In lieu of the allegations in subsection (1)(b) through (f) of this section, the petition may allege that the parent has been convicted of:
Murder in the first degree, murder in the second degree, or homicide by abuse as defined in chapter 9A.32 RCW against another child of the parent;
Manslaughter in the first degree or manslaughter in the second degree, as defined in chapter 9A.32 RCW against another child of the parent;
Attempting, conspiring, or soliciting another to commit one or more of the crimes listed in (a) or (b) of this subsection; or
Assault in the first or second degree, as defined in chapter 9A.36 RCW, against the surviving child or another child of the parent.
When a parent has been sentenced to a long-term incarceration and has maintained a meaningful role in the child's life considering the factors provided in RCW 13.34.145(5)(b), and it is in the best interest of the child, the department should consider a permanent placement that allows the parent to maintain a relationship with his or her child, such as, but not limited to, a guardianship pursuant to chapter 13.36 RCW.
Notice of rights shall be served upon the parent, guardian, or legal custodian with the petition and shall be in substantially the following form:
A petition for termination of parental rights has been filed against you. You have important legal rights and you must take steps to protect your interests. This petition could result in permanent loss of your parental rights.
You have the right to a fact-finding hearing before a judge.
You have the right to have a lawyer represent you at the hearing. A lawyer can look at the files in your case, talk to the department of children, youth, and families or other agencies, tell you about the law, help you understand your rights, and help you at hearings. If you cannot afford a lawyer, the court will appoint one to represent you. To get a court-appointed lawyer you must contact: .
At the hearing, you have the right to speak on your own behalf, to introduce evidence, to examine witnesses, and to receive a decision based solely on the evidence presented to the judge.
You should be present at this hearing.
You may call for more information about your child. The agency's name and telephone number are ."
If, upon entering an order terminating the parental rights of a parent, there remains no parent having parental rights, the court shall commit the child to the custody of the department willing to accept custody for the purpose of placing the child for adoption. If an adoptive home has not been identified, the department shall place the child in a licensed foster home, or take other suitable measures for the care and welfare of the child. The placement standards provided in RCW 13.34.130 continue to apply throughout the life of the case, except that the court need not consider whether reunification with the parent will be hindered when evaluating relative placements. The custodian shall have authority to consent to the adoption of the child consistent with chapter 26.33 RCW, the marriage of the child, the enlistment of the child in the armed forces of the United States, necessary surgical and other medical treatment for the child, and to consent to such other matters as might normally be required of the parent of the child.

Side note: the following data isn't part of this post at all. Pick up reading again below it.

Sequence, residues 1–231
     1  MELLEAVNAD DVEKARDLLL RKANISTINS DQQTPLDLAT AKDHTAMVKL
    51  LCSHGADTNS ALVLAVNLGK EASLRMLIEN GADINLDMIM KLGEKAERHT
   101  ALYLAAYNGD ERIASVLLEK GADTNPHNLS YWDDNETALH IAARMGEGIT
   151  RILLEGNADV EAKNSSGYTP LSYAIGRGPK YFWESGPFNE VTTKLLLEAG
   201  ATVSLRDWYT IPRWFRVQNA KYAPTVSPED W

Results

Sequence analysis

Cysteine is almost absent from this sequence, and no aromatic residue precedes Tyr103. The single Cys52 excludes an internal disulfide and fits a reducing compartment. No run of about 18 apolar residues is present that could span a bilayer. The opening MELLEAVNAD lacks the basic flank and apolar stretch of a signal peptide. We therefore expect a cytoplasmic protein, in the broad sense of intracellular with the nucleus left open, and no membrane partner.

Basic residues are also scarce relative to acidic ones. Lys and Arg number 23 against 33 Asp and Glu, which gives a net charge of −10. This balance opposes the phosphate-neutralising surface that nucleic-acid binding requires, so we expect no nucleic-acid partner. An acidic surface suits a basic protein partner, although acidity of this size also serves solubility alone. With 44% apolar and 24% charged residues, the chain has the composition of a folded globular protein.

If a child has not been adopted within six months after the date of the order and a guardianship of the child under chapter 13.36 RCW or a guardianship of a minor under RCW 11.130.215 has not been entered by the court, the court shall review the case every six months until a decree of adoption is entered. The department shall take reasonable steps to ensure that the child maintains relationships with siblings as provided in RCW 13.34.130(7) and shall report to the court the status and extent of such relationships.
The department shall adopt rules consistent with federal regulations for the receipt and expenditure of federal funds and implement a subsidy program for eligible relatives appointed by the court as a guardian under RCW 13.36.050 or as a guardian of a minor under RCW 11.130.215.
For the purpose of licensing a relative seeking to be appointed as a guardian and eligible for a guardianship subsidy under this section, the department shall, on a case-by-case basis, and when determined to be in the best interests of the child:
Waive nonsafety licensing standards; and
Apply the list of disqualifying crimes in the adoption and safe families act, unless doing so would compromise the child's safety, or would adversely affect the state's ability to continue to obtain federal funding for child welfare related functions.
Relative guardianship subsidy agreements shall be designed to promote long-term permanency for the child, and may include provisions for periodic review of the subsidy amount and the needs of the child.